Montenegro on Sunday becomes the fourth Balkan country in three months to hold parliamentary elections. Montenegro is not a big country – it is slightly more populous than Tasmania, with about a quarter of the area – but as a candidate for joining the European Union, its democratic institutions are under some scrutiny.
So far, they have not performed well. Things look OK on paper: the electoral system provides for nationwide D’Hondt proportional representation (with a 3% threshold, from which ethnic minority parties are exempt), and the last election, in 2016, saw nine parties win seats in parliament. The governing five-party coalition commands 42 of the 81 seats, representing fractionally under 50% of the vote.
But in other respects it looks uncomfortably like a one-party state. The same party – the post-communist Democratic Party of Socialists (DPS) – has headed every government since the introduction of democracy in 1990. And throughout that time it has been led by one man: current president Milo Đukanović, who regardless of his official position (he has been prime minister four times and president twice) is universally seen as the one in charge.
Until 2006, Montenegro was part of a federation with Serbia, and relations with its much larger neighbor continue to dominate the political landscape. Đukanović presents this as a conflict between his pro-western orientation and the obscurantist, pro-Serbian (and therefore pro-Russian) approach of his opponents. This week he reportedly said that the choice in the election was “whether Montenegro should continue its EU integration or become a theocratic state.”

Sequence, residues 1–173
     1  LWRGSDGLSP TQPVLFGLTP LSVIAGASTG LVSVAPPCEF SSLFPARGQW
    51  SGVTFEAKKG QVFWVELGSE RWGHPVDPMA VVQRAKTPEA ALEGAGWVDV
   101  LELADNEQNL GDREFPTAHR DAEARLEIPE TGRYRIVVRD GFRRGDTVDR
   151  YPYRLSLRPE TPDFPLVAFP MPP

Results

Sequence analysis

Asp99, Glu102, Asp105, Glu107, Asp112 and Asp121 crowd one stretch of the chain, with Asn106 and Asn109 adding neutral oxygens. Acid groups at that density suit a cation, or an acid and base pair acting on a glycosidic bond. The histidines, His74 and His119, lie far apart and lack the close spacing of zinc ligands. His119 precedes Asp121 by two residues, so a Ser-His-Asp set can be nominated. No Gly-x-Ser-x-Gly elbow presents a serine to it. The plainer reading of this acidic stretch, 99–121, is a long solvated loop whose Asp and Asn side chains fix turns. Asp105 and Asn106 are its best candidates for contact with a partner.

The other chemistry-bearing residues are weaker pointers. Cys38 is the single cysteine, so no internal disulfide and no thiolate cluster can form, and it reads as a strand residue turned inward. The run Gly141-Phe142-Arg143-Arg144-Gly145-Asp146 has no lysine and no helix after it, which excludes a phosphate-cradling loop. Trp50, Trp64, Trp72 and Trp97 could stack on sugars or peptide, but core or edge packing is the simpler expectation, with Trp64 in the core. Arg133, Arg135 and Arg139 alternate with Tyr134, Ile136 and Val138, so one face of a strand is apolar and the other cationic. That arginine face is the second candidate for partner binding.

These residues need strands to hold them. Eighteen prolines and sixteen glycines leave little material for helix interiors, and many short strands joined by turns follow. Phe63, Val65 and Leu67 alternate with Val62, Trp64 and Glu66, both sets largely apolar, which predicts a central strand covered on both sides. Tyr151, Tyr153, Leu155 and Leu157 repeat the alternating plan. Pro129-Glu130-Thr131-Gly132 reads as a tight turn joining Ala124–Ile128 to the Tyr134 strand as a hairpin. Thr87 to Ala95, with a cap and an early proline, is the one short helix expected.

But single-person rule has brought all the usual problems: corruption, cronyism, violence against protesters, decline in press freedoms and links to organised crime. In reality you don’t have to be on Russia’s side to think that Đukanović has been there far too long and that it’s time for some sort of change.
Exactly what form that might take isn’t clear. The DPS won 41.4% of the vote in 2016, aided by the arrest of a group of alleged Russian coup plotters on election day. Recent polls put it in the mid-30s. It can generally count on the support of a group of ethnic minority parties (Albanian, Bosniak and Croat), for whom Serbian nationalism represents the primary threat; they will be worth another few points between them.
Beyond that things get difficult. Last time Đukanović got to a majority with the aid of the Social Democrats, who just cleared the threshold with 3.3%. (They are not to be confused with the Social Democratic Party, who had 5.2%; the two split over whether to continue supporting the government.) This time they may fall short, and even if they get back it will probably not be enough.
The main opposition is a centre-right to right-wing coalition called “For the Future of Montenegro”; it’s currently polling in the mid-20s. There’s also a centrist coalition called “Peace is Our Nation” with support in the mid-teens, and a more progressive group, United Reform Action, with another few points. It’s possible to imagine these diverse forces winning a majority and combining to oust Đukanović, but it’s hard to see them forming a stable government together.
It’s probably more likely that the DPS will manage to stay in power by luring one or more of the opposition parties into a deal. But it would be best for the country if the terms of such an arrangement include the early retirement of the president and a new generation of leadership.